These look great mate! Can you upload a template of just the floppy disk with a transparent area for our own logos?
@guu thank you so much!! I will update my skins to use the new format. Just tested, and it works great!
Here ya go. Its actually not mine, it’s from the RetroFW Launcher from a bunch of Ingenic devices.
Dont use this guide i messed up my gameshell and cant even boot in now trying to change tot he 'blue ’ theme on this guide, cant even SSH into it cause its stuck on loading nopw i have to flash the whole new image
dont try and change your skin by this guide ur gnnna have to flash your OS again which is what i have to do now
probably don’t have to flash your OS. There are known issues with using a custom skin with previous versions of the launcher. You can simply ssh into your GameShell and git checkout the launcher to a clean state and your device should work again just fine.
In the latest launcher, it now has theme management built in and is a bit more stable.
I know, but i couldnt even ssh into gameshell. If i could it woulda been easy to fix it.
Anyway i flashed it anyway which i think was good, to do it once, so i know how to do it. Also i got a more recent version of the OS with alot of new apps on it and probably bug fixes.
Yessir. My clockworkpi will be here tomorrow. I’ll let you know probably by Labor Day (I’m sure someone has already done all of this and it worked perfectly). It’s red, so I will likely have my menu with a black background when red icons with the “Redrum” theme.
Hey how do I git checkout the launcher to clean state, I totally borked mine also trying to install your theme on the new 0.4
How can i set the games like that?, instead of a simple list?
I edited the skin_manager.py file to allow for a new section in the config file to change the fonts of your Gameshell.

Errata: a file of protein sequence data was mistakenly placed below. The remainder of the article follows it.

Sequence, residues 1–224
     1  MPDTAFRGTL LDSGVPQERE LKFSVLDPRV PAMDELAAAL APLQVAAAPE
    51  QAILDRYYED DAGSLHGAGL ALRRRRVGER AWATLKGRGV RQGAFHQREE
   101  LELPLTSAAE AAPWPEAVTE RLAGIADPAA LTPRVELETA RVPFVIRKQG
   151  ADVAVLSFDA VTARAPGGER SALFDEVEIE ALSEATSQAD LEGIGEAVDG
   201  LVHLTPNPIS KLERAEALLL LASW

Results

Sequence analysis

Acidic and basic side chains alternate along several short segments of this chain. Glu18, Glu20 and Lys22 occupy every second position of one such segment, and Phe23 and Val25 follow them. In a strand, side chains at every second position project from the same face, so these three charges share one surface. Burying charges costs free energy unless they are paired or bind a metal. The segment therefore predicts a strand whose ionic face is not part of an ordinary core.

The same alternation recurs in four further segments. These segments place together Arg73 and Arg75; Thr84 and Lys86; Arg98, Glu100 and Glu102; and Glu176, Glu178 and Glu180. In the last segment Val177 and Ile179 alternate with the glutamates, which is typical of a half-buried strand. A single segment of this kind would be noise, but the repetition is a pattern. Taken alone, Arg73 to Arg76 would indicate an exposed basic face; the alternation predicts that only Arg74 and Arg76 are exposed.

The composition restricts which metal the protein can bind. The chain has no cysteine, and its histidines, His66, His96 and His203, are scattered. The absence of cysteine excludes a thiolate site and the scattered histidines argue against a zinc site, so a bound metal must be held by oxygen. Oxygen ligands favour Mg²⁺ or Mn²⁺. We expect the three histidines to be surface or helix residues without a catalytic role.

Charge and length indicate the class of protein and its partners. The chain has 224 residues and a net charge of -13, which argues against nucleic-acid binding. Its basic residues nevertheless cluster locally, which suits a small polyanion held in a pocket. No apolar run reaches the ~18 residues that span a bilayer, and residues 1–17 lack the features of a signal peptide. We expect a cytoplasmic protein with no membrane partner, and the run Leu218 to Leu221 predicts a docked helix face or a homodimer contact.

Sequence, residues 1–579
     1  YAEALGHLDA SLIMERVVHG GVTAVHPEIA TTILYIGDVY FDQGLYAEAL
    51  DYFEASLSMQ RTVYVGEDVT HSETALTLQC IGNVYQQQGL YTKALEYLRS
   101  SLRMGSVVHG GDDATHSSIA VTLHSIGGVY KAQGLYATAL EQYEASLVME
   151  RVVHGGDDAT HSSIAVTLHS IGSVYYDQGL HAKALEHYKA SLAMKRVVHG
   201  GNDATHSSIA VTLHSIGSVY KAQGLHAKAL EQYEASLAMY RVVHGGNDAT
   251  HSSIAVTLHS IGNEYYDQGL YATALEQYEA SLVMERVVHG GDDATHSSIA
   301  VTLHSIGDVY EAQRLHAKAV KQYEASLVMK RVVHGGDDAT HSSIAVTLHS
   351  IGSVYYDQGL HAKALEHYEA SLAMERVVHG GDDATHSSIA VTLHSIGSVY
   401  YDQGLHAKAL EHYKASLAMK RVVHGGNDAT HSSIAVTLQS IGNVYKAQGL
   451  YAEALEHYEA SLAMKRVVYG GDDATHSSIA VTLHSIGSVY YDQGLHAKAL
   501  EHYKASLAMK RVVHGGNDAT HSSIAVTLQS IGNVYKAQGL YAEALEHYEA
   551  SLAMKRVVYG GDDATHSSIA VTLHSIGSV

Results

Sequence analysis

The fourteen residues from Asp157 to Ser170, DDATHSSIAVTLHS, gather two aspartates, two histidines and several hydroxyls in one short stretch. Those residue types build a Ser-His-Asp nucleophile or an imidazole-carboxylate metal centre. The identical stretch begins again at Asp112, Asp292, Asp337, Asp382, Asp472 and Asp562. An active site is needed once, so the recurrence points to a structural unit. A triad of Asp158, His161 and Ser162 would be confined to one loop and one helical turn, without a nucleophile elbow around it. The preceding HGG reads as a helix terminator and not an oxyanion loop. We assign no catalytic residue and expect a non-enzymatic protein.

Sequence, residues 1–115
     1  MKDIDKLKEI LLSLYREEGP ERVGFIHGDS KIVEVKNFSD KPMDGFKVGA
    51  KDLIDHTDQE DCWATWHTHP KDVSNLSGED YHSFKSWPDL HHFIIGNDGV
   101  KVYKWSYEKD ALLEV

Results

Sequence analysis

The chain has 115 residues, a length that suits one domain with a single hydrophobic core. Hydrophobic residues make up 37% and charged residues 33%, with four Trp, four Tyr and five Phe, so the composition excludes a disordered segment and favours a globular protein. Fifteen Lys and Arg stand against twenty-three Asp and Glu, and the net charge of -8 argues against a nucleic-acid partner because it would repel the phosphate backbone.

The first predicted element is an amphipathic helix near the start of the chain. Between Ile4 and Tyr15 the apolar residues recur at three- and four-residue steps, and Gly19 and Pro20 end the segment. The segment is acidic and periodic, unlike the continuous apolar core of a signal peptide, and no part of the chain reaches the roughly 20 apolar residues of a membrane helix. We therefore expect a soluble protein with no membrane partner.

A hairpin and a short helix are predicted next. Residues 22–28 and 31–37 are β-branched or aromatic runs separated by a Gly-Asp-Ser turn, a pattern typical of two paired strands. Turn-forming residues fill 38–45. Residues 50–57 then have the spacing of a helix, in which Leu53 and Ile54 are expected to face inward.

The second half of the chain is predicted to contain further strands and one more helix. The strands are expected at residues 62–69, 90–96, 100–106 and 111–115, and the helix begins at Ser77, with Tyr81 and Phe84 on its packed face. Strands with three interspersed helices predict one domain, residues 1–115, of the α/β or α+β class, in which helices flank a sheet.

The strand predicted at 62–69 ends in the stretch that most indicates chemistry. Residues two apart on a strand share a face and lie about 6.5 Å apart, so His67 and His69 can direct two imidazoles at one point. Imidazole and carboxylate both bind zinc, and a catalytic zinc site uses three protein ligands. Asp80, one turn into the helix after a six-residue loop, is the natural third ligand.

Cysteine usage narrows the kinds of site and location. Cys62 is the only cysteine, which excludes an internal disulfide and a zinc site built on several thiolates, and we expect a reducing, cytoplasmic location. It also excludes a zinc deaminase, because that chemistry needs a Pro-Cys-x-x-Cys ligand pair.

An example of the config file:
[Font_Paths] varela = Roboto-Black veramono = VeraMono noto = Roboto-Bold notocjk = Roboto-Light [Colors] High = #f0ffff Text = #ffffff ReadOnlyText = #ffffff Front = #614f7d URL = #f0ffff Line = #614f7d TitleBg = #111013 Active = #ff70ba Disabled = #e6e6ff White = #111013 Black = #614f7d
I will edit this post to include where you can find my updated file. I am unfamiliar with the organization of GitHub so I would like to know where this updated file should go.
Disclaimer: The code is probably pretty messy because I do not have a lot of experience with python.
I would love to be able to have the above code standardised. Alas, for now I have had to just fake it, having the custom fonts renamed to the pre-defined fonts in the skin_manager.py file.
Here’s a DEOT skin file that you should be able to apply on a stock 0.5 image, just by adding it to the skins folder. You’d be right in thinking that this is the same one I have applied to my custom DEOT images. I’ve just made them accessible for everyone.
The skin is the DEOT.zip file. Just decompress it, and put the DEOT folder in your skins directory.
Note: I have nothing to do with GCores, or the development of the DEOT OS.
Contained is a dark theme, more or less directly ripped from the DEOT custom theme. Due to the stock DEOT V1.0 being quite out dated, with no updates on the horizon, this is made to be a theme that owners of the custom DEOT Gameshell can apply to their more recent operating system, and have the majority of visual benefits applied. Of course, it can be used by owners of regular Gameshells as well, especially if you like a theme that is easy on the eyes.
- All missing icons reworked to match the theme